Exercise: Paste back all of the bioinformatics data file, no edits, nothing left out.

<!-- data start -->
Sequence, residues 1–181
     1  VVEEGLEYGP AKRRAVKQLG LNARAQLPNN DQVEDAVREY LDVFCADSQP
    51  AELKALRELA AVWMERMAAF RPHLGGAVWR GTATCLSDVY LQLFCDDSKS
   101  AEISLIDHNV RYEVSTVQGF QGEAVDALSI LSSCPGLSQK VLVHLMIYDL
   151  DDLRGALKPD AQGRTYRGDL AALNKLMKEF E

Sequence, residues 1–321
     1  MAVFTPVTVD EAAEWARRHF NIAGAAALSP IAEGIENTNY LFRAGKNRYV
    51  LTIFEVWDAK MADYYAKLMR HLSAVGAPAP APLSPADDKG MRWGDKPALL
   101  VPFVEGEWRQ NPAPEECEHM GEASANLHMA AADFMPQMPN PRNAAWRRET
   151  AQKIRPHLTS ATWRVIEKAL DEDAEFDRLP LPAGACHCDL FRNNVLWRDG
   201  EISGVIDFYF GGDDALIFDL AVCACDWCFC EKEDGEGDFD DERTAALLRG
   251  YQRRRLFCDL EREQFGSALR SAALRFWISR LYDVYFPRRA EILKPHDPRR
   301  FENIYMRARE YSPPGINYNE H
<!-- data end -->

Sequence, residues 1–181
     1  VVEEGLEYGP AKRRAVKQLG LNARAQLPNN DQVEDAVREY LDVFCADSQP
    51  AELKALRELA AVWMERMAAF RPHLGGAVWR GTATCLSDVY LQLFCDDSKS
   101  AEISLIDHNV RYEVSTVQGF QGEAVDALSI LSSCPGLSQK VLVHLMIYDL
   151  DDLRGALKPD AQGRTYRGDL AALNKLMKEF E

Sequence, residues 1–321
     1  MAVFTPVTVD EAAEWARRHF NIAGAAALSP IAEGIENTNY LFRAGKNRYV
    51  LTIFEVWDAK MADYYAKLMR HLSAVGAPAP APLSPADDKG MRWGDKPALL
   101  VPFVEGEWRQ NPAPEECEHM GEASANLHMA AADFMPQMPN PRNAAWRRET
   151  AQKIRPHLTS ATWRVIEKAL DEDAEFDRLP LPAGACHCDL FRNNVLWRDG
   201  EISGVIDFYF GGDDALIFDL AVCACDWCFC EKEDGEGDFD DERTAALLRG
   251  YQRRRLFCDL EREQFGSALR SAALRFWISR LYDVYFPRRA EILKPHDPRR
   301  FENIYMRARE YSPPGINYNE H